Although one of the most familiar faces of the Danaher Death Squad (Renzo Gracie Academy’s competition team), with wins over plenty of top-shelf opponents such as Nathan Orchard, Nicholas Reiner or Nicky Ryan, Ethan Crelinsten is currently “still” a brown belt.
For many, the black belt rank is a big step towards a more stable professional life in grappling. A time for better sponsorship deals, bigger names to compete against and more invites for pro events, but even though Ethan stated that it is his goal to reach this rank, the 25-year-old Montreal native did not look worried about missed opportunities when interviewed by BJJ Heroes on January 2020: “I wouldn’t say it hinders my career that much. I don’t think people are reminded that often that I am not a black belt.” said Crelinsten. “I would like to already be a black belt, definitely, but I don’t know what it’s like having one. I don’t know if it would allow me to get better pay for matches and seminars” he continued, “maybe there are some black belts out there who refuse to fight me because I am not a black belt, but I wouldn’t really know.”
So far the highlights of Ethan’s career have been his 2 ADCC North American Trials wins (2017, 2018), and winning important Grand Prix’s such as the Finishers Sub-Only, Sapateiro Invitational, Ultimate Mat Warriors, having also competed in other important shows such as Kasai Pro, Polaris, and the ADCC World Championships — the Crème De La Crème of grappling sports.
Unlike many jiu-jitsu athletes, who had proficient sporting careers in other sports prior to their interest in jiu-jitsu, Ethan was a late bloomer to competition. His initial interest in combat-related activities came through mixed martial arts (MMA), which he started training in his hometown of Montreal, a small dojo near his house. “I was training a bit of everything, some kickboxing, and Greco-Roman wrestling. Someone told me about TriStar, that they had better sparring partners and a bigger facility, so I went there.”
It was only when he set his goals for an MMA fight that submission-grappling became a part of Ethan’s training routine: “I started striking more and set my goals on an MMA fight. Someone told me that if I wanted to do MMA I needed to have jiu-jitsu, so then I started training and competing. I did really well. I really liked it, and that was it.” Once he had a taste of jiu-jitsu competition, Crelinsten soon dropped his cage-fighting aspirations to focus solely on his grappling.
At TriStar, Ethan found a very well equipped jiu-jitsu class, led by the respected coach, Firas Zahabi, who awarded Ethan all his belts thus far. Crelinsten became a force in the Canadian circuit and nothing ever instilled in him the desire to try different training systems, that is, until he met a fellow grappler by the name of Gordon Ryan. Crelinsten explained this initial interaction: “Tom Breese trained at TriStar. He brought Gordon Ryan to TriStar to help him prepare for an MMA fight, grappling wise. Gordon came up, he stayed there for about a week or so, we all trained with him. He kicked all our asses,” Ethan described. “It was really enlightening how this young lanky dude from New York could be so much more technical than all of us. I mean, he wasn’t using any strength or brute force to beat us up. He was using really beautiful jiu-jitsu. Like slick kimura entries, elevations to cross ashi. I remember that I had never seen that before and he sort of showed us that and said we would have a great training environment in New York.”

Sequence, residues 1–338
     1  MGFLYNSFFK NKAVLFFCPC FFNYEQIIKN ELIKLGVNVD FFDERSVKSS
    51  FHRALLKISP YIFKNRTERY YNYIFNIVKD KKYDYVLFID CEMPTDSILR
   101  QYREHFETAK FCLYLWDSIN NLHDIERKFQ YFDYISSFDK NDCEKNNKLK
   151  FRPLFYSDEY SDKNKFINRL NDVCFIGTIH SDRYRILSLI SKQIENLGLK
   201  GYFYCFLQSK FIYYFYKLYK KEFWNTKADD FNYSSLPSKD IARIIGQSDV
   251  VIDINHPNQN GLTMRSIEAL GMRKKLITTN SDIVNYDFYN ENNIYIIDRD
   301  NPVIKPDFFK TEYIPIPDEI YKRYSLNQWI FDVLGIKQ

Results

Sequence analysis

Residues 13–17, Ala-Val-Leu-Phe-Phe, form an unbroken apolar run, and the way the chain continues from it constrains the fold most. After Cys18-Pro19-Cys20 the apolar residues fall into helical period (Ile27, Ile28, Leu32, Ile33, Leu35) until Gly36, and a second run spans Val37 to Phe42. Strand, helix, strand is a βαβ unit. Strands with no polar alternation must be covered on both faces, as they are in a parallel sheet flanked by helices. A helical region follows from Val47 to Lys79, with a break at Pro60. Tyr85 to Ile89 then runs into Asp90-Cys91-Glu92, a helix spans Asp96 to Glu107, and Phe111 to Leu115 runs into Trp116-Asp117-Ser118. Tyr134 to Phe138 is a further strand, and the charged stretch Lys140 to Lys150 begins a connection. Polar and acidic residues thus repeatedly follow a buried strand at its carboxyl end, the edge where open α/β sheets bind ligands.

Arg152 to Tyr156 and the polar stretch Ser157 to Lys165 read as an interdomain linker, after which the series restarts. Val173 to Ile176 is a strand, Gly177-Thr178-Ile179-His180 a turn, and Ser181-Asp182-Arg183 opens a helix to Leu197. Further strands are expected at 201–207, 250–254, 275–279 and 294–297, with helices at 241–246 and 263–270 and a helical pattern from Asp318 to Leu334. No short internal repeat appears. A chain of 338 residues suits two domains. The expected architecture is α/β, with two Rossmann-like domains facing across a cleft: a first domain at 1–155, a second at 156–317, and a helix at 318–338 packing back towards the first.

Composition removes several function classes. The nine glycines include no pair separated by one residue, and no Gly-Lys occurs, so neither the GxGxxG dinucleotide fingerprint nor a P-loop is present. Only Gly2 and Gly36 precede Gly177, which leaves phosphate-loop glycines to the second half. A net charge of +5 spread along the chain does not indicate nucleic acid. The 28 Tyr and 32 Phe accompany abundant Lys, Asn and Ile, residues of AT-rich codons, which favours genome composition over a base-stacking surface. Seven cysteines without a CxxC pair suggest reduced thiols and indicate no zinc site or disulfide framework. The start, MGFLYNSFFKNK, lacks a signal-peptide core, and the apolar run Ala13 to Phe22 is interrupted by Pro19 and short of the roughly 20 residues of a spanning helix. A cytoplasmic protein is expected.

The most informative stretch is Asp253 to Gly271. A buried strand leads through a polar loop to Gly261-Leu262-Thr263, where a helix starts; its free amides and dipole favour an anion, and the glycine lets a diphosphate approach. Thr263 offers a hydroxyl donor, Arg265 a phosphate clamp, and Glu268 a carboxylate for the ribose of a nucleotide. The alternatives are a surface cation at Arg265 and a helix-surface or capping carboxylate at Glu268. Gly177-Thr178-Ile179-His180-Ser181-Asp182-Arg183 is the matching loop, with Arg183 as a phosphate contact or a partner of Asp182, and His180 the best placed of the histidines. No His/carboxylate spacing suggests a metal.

From that moment on, Ethan started visiting John Danaher (Ryan’s instructor) in New York, and splitting his training time between these two gyms — TriStar and Renzo Gracie Academy, a fantastic opportunity, to work with two of the best grappling minds of the modern era. According to the Canadian, both classrooms provide different approaches to the sport: “Firas’ training differs from John’s in many ways, but they run the classes similarly. Firas is a black belt under John so I think he teaches in a much similar way to that of john. The biggest difference I notice is in the training partners. The style at TriStrar is much more top-game centric. Meaning, the goal is, more often than not, for guys to try and get on top. They are all concerned with MMA fights and grapple for MMA fights so they are all about getting on top, staying on top and getting the pass from there. They don’t want to get swept.” Crelinsten said. “At Renzo’s there is more guard playing, more leg locks, more jiu-jitsu with the intent of scoring. Like passing the guard and sweeping instead of getting on top and staying there [seen at TrisStar]). As a general observation, the ADCC veteran said “both gyms have pros and cons. At Renzo’s, they have technical-scrambly jiu-jitsu rounds, whereas at TriStar you get more heavy guys, solid top pressure who are hard to sweep. Each gym has pros and cons for what you want to work on“.
Forged in these talent mills that are TriStar and RGA, Crelintsen’s career has gone from strength to strength in jiu-jitsu’s pro division and given the depth of his division, we believe there are tons of interesting match-us for him in the future. Today, Ethan would arguably be regarded as the best brown belt in the No-Gi world. We hope to see him challenge the black belt division very soon.
Ethan is an incredible grappler and he’s a super nice guy. Rolling with him made me feel like a day 1 white belt all over